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Subject: Re: [boost] Gauging interest in patch submissions
From: Hongli Lai (hongli_at_[hidden])
Date: 2011-09-29 02:50:08

Emil Dotchevski:
> Can't this be done non-intrusively, in a platform-specific matter? I
> know it's difficult and tricky, but stack traces can often be helpful
> in tracking errors. Having the user register trace points explicitly
> makes the system not as helpful. :(

This was one of the first things we considered. I don't know about
Windows, but on glibc and OS X one can obtain the stack trace with the
backtrace_symbols() function (GNU extension). Other platforms, like
FreeBSD, NetBSD and Solaris, don't seem to provide any API for
obtaining the stack trace, so one will have to resort to manually
inspecting the system stack whose format is probably compiler/ABI

Phusion Passenger's primary target platforms are Linux and OS X
(that's where most of our users are) so I suppose it's acceptable to
only support stack tracing for them, were it not for the following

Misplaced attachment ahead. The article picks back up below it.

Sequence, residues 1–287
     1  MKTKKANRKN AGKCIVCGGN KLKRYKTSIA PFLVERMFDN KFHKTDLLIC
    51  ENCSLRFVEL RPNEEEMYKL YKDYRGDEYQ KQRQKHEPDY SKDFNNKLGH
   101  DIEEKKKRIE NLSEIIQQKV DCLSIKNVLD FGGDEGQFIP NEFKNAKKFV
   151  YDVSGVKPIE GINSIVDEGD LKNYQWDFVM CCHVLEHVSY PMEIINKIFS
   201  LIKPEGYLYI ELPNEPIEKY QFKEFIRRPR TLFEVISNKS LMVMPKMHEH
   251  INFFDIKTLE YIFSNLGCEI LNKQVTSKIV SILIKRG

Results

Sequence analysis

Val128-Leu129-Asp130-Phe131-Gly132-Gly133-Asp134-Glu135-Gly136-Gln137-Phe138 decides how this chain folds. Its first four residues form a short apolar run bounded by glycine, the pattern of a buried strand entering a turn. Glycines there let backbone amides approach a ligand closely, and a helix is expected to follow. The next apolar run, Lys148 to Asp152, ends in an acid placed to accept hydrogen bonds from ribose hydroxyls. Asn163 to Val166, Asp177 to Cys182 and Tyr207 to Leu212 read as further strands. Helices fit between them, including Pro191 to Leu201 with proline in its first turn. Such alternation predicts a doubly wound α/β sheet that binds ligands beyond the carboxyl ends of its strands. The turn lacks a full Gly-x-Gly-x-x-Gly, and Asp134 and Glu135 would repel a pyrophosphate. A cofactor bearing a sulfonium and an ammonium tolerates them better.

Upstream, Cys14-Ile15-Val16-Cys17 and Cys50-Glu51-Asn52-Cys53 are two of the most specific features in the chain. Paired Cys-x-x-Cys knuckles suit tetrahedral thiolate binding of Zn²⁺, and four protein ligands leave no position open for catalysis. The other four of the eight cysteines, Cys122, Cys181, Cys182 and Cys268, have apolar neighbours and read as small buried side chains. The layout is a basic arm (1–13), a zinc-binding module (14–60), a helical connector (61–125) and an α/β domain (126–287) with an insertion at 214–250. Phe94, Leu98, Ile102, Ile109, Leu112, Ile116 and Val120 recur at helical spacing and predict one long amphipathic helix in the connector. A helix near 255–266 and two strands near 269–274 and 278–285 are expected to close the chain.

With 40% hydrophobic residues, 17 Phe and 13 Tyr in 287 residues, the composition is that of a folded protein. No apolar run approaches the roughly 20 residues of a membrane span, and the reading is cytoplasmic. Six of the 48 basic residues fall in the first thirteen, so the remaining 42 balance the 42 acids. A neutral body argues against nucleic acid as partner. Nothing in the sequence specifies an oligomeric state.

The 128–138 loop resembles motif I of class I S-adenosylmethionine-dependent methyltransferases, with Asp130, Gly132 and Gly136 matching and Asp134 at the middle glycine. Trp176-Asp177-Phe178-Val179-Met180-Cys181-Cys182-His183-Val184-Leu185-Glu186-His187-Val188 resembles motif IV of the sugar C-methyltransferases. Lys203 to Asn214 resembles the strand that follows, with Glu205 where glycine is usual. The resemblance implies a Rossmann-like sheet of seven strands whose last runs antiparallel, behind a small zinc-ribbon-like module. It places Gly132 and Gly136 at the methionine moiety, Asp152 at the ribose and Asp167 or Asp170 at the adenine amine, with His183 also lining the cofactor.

- backtrace_symbols() is slow. Very slow. It was written for SIGSEGV
crash reports and the like. In case of Phusion Passenger, we often
want to catch the exception (which may be the result of a socket
error, and thus happens fairly often), report it and continue. The
enormous overhead imposed by backtrace_symbols() was deemed
unacceptable. In contrast, our manual stack tracing method is very
fast, I think as fast as it can be.
- backtrace_symbols() does not demangle C++ symbol names.
- backtrace_symbols() does not work properly across library
boundaries. It will display the entire stack trace, but for a lot of
items only their addresses. This is useless, we need human-readable
symbol names.

In the end we chose not to use it.

- Hongli

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